Tips For Creating A Security Team At Your Church or Synagogue

In the wake of this weekend’s tragedy in Texas and continued attacks against Orthodox Jewish citizens in Crown Heights, New York, many religious communities are seriously considering the need for organized, formalized defensive procedures.  Here are some tips for creating your own security team:


1.  Connect With Gun Owners In Your Religious Community

 Do you know folks in your church or synagogue who enjoy going to the range?  Talk to them.  Get an assessment of their skill set – have they taken formalized training?  Do they compete in IDPA, USPSA, 3 Gun, or other competitive shooting formats?  Are they physically, emotionally, and financially capable of committing to such endeavors?  Would they be willing to sacrifice some of their time to go beyond the basics and continually improve their skill set?

 Many folks are unaware of just how many of their fellow parishioners are shooting sports enthusiasts.  Get to know them!  You are probably not alone in thinking that your place of worship could benefit from a formalized security team. 


2.  Seek High Quality, Formalized Training With Accredited Instructors

Like it or not, we all know that the basic concealed pistol license training does not prepare an individual to react in the best possible manner in the worst possible situation.  While this is a fine starting point, a formal security team should be training at least once a month in a formal setting with structured goals.

Find local firearms instructors who are capable of teaching defensive firearm skills.  This will range from basic drawstroke and weapon manipulation all the way to force-on-force classes incorporating Simunitions and live targets.  Consider the environment you are likely to be engaged in, and train accordingly.  Do you have access to facilities where a ‘mock church’ can be laid out using both threat and non-threat targets placed closely together?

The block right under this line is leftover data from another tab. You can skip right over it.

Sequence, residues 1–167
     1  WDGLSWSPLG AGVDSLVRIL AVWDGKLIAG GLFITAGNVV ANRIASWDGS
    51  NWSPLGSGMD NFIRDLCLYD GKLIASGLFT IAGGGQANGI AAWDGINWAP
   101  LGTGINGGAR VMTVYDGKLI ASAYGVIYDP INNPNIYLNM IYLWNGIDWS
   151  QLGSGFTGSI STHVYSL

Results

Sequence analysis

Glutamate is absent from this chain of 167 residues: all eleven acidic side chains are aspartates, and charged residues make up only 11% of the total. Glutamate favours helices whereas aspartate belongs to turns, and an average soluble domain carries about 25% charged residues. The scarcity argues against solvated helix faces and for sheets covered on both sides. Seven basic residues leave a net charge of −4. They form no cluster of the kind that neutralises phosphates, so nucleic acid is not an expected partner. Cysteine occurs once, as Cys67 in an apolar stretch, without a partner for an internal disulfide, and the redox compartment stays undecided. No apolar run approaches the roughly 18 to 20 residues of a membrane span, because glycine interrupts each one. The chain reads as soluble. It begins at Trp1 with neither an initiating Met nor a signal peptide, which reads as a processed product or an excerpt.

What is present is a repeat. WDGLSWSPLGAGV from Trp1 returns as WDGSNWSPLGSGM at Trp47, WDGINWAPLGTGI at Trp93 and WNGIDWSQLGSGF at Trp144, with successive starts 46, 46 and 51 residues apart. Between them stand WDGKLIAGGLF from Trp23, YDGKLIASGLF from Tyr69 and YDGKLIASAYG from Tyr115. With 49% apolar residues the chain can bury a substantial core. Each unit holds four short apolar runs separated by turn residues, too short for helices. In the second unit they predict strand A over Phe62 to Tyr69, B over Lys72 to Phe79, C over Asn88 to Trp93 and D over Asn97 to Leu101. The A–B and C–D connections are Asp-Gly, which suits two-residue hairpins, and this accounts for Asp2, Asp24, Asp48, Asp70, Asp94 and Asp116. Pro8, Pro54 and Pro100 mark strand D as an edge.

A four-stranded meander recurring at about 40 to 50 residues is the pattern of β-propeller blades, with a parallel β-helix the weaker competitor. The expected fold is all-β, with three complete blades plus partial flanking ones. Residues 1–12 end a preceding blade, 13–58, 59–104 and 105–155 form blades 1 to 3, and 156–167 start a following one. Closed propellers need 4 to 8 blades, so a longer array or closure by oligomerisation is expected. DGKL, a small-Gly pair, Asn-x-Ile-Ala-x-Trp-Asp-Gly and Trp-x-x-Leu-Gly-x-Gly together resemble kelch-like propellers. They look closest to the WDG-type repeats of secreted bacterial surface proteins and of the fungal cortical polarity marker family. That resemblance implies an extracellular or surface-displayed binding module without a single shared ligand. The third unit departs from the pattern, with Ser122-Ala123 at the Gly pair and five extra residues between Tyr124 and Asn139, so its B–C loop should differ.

3.  It’s Not Just About The Gun

Handling an active shooter involved more than just returning fire.  Do you have a medical plan?  Who’s calling 911?  Does everybody else know what to do when your team members stand, draw, and look for a shot?

Involve your whole community.  There are undoubtedly doctors and/or nurses among your congregation.  If they attend regularly and consistently, ask if they would be willing to carry a tourniquet or small medical kit.  At the very least, be sure they know where those supplies are located inside your facility (you have purchased a mass bleed kit, right?).

Consider running a ‘walkthrough drill’ with your congregation.  Minimizing panic – or at least, understanding what people are likely to do WHEN they panic - gives your shooters time to get into position and take their shot without having to dodge innocent bystanders. 

No matter what, people will end up running for the closet exit.  Take the time to sit in the congregation area to contemplate where a threat is likely to come from, and where people are likely to be running so that you can analyze the angles, distances, and backdrop that you might be shooting through. 

Then, do your best to replicate these kinds of variables in your training.


4.  Never Stop Improving

Training gets stale quickly.  The human brain likes repetition – it helps to build and reinforce neuro pathways that allow you to move more fluidly and unconsciously during your body’s “fight or flight” response.

Be sure that you are training regularly and working to IMPROVE skills over time.  If you’re a great marksman at 15 feet, try to be a great marksman at 25 feet.  Then 50 feet.  Add in malfunction drills.  Find a few minutes on the weekend or in the morning to practice your draw stroke using a training pistol. 

Creating a safe environment at your place of worship doesn’t have to be a time suck, or a waste of precious resources.  However, taking some time to develop a plan, assess your parishioners and their equipment, and finding a way to connect with them to create a common goal will serve your flock well in the event of a tragedy. 

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